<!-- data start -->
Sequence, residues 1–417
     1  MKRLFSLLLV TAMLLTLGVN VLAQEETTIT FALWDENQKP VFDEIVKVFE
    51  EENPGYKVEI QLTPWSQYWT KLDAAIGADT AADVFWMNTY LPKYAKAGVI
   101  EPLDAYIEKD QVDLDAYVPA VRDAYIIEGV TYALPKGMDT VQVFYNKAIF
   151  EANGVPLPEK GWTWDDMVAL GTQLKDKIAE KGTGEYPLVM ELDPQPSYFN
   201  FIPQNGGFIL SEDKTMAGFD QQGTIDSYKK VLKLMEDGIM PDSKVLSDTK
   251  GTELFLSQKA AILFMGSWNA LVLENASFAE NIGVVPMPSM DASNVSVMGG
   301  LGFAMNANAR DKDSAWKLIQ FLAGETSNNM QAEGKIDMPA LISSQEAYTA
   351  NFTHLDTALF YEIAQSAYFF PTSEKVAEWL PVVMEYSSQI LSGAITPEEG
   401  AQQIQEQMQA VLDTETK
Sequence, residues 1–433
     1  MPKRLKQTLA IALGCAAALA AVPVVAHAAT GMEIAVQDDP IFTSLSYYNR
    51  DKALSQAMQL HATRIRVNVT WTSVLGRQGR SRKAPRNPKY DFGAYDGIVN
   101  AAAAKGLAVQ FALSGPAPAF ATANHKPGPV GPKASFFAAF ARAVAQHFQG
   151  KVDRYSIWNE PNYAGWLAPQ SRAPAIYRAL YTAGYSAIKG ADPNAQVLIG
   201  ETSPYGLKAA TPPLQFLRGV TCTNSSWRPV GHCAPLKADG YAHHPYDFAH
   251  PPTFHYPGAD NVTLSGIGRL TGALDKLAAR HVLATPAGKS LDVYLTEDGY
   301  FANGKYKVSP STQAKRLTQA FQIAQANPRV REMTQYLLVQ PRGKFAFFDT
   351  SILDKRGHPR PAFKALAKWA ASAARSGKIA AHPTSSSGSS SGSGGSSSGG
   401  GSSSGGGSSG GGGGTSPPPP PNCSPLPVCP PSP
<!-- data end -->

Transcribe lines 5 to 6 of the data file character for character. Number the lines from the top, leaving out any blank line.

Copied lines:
   151  EANGVPLPEK GWTWDDMVAL GTQLKDKIAE KGTGEYPLVM ELDPQPSYFN
   201  FIPQNGGFIL SEDKTMAGFD QQGTIDSYKK VLKLMEDGIM PDSKVLSDTK